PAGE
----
**PIC Blur-endorsed Icelandic duo move from techno to post-punk on an itchy claustrophobic debut
10 Tracks You Have To Hear This Week (11/11/2012)
Haim, Bensel & Jessie Ware, Dutch Uncles
Haim – ‘Send Me Down’
When Haim crash-landed earlier this year they made a big impression. First there was the killer debut EP. Then their debut UK gigs followed, where they proved they had arena tunes in their arsenal. In interviews they were quick to share their obsessions with Drake, their enthusiasm for R&B, and love of a dirty phrase. 'Send Me Down' is the second recent new track from Este, Danielle and Alana (following on from last month’s 'Don't Save Me'), and proves that there’s more to the LA brood than the huge Fleetwood Mac crush they clearly all have. Produced by James Ford (Arctic Monkeys, Florence) 'Send Me Down' has a muscular, brass-led backing that could easily be a hip-hop instrumental for the aforementioned Drizzy with the girls adding percussive handclaps and on-point scattergun melodies. Lyrically, the song lays down Haim's rules for future all boyfriends, ordering "Now that you're mine, do right by me, I wanna push you around." So don’t mess, guys. It would be easy to pigeon-hole Haim as an all-American gang, like Bruce Springsteen's nieces revving up the Chevy and tearing away from a family dinner, but there’s clearly much more to come from them. Experimental multi-faceted (and still fun) tracks like this bode well for that debut album, due for release next year.
Animal Collective – ‘Crimson’
'Centipede Hz' did a bang-up job of alienating new fans seduced by 'Merriweather Post Pavilion''s acid-pop, but there's help here. 'Crimson' sounds like clanking chains dragged through a swamp while Avey Tare yelps to a calypso melody that’s as catchy as a sticky glove.
Eels – ‘Peach Blossom’
Approaching his 50th birthday (believe it) and having taken a couple of years off, E might have been expected to mellow out on his return. None of that. This is a stomping, swaggering rocker with love in its heart and a snarl on its lips. These Eels are still electric.
Kevin EG Perry
Earl Sweatshirt – ‘Chum’
There will come a time, soon, when everyone realises that Earl is the most talented one in Odd Future. Yeah, better than Frank. His rapping his just so slooooow, and on ‘Chum’ he marries it with a lazy piano loop while talking about his mum and his dad. It’s mature, is what it is.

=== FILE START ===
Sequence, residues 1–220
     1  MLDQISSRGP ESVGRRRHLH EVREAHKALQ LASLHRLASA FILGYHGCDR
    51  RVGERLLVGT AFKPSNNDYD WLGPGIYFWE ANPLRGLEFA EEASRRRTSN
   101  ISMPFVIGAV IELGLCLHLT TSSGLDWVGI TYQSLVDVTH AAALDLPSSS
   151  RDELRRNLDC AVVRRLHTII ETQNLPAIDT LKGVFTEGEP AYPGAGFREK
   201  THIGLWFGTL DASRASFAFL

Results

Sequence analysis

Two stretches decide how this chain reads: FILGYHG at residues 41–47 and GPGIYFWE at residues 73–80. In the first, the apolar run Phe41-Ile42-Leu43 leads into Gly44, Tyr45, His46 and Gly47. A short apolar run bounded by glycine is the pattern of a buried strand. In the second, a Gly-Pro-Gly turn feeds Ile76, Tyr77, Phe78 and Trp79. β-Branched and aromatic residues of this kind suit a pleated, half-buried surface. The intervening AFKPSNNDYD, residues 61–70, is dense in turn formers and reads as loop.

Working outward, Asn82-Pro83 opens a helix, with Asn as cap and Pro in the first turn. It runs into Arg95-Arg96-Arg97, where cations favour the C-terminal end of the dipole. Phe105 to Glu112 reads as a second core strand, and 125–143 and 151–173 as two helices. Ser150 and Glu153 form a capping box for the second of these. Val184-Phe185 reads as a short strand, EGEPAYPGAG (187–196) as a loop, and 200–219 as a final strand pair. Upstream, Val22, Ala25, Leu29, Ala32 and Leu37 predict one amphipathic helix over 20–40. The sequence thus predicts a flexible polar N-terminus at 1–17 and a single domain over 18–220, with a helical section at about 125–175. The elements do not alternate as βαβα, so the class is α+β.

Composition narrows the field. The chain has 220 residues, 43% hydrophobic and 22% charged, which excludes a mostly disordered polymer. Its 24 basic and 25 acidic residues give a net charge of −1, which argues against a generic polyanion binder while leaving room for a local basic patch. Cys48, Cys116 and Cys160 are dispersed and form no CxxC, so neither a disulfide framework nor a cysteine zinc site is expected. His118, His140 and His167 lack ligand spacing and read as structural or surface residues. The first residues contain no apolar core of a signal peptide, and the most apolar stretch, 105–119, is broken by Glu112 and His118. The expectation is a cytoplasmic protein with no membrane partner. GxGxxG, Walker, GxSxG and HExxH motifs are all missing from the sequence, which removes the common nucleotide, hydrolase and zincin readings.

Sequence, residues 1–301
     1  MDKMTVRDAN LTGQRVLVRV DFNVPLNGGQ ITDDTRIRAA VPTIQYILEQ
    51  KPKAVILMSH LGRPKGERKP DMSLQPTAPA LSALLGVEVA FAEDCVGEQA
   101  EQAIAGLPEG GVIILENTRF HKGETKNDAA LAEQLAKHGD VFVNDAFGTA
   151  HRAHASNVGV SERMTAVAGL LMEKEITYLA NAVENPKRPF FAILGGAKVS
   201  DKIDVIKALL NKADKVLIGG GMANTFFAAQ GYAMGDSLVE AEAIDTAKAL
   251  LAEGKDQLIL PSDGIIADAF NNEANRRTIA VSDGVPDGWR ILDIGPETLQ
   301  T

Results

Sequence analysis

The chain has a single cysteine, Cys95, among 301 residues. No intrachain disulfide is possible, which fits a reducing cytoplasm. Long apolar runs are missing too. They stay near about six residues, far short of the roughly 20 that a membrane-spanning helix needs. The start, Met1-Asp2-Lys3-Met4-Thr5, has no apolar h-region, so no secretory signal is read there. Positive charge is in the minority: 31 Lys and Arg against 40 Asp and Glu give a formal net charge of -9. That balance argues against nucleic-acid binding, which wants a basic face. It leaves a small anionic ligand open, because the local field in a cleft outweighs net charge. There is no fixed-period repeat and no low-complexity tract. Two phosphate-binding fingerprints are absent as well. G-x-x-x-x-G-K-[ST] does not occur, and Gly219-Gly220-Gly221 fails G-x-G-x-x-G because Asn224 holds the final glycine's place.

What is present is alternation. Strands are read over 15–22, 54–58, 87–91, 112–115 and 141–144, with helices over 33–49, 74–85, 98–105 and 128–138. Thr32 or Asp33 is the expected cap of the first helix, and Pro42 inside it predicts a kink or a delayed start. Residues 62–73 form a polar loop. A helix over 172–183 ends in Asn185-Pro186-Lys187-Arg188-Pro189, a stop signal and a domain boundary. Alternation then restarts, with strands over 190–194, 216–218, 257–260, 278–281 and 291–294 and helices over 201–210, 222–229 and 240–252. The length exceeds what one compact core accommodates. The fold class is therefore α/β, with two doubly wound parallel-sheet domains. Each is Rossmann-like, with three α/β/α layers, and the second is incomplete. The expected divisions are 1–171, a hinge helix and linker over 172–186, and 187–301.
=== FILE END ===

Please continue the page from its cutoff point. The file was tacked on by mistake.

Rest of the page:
Bensel & Jessie Ware – ‘If You Love Me’
The Japanese teenagers that (allegedly) make up BenZel must be pleased with themselves. They say they started making music together “yesterday” but have already snared one of the voices of the year, Jessie Ware, to collaborate on this bubbling version of Brownstone’s 1990s classic slow jam. A coup.
Everything Everything – ‘Kemosabe’
Their preposterously excitable, busy and loud sound is one of the most instantly identifiable in indie at the minute. But by EE standards this is a pop stormer, veering from Jonathan’s grim declaration that //“It doesn’t matter if everyone dies”// into a jarringly lovely falsetto chorus.
Dutch Uncles – ‘Fester’
Coming from the generation of bookish Manchester bands striving to throw off northern indie's boorish image, Dutch Uncles look set to graduate top of the class. Taken from new album ‘Out Of Touch In The Wild’, ‘Fester’ represents the polishing of their crystalline pop sound. Bonging a xylophone has never sounded so brainy.
Toro Y Moi ft Hodgy Beats – ‘So Many Details’
Toro Y Moi has remixed himself. So meta! The rework of 'So Many Details' bobs and spins, giving the sultry R&B tale of romantic complications some welcome OOMPH. It's all the better for Hodgy Beats sashaying in with a soporific verse and Chaz Bundick's decision to keep the dog barks.
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Johnny Depp plays a monstrous Boston gangster in a disguise so unsettling you’ll struggle to recognise him
An EP dedicated to victims of the Paris attacks shows the Foos are on defiant form
The Radiohead guitarist explores traditional Indian music, with mostly impressive results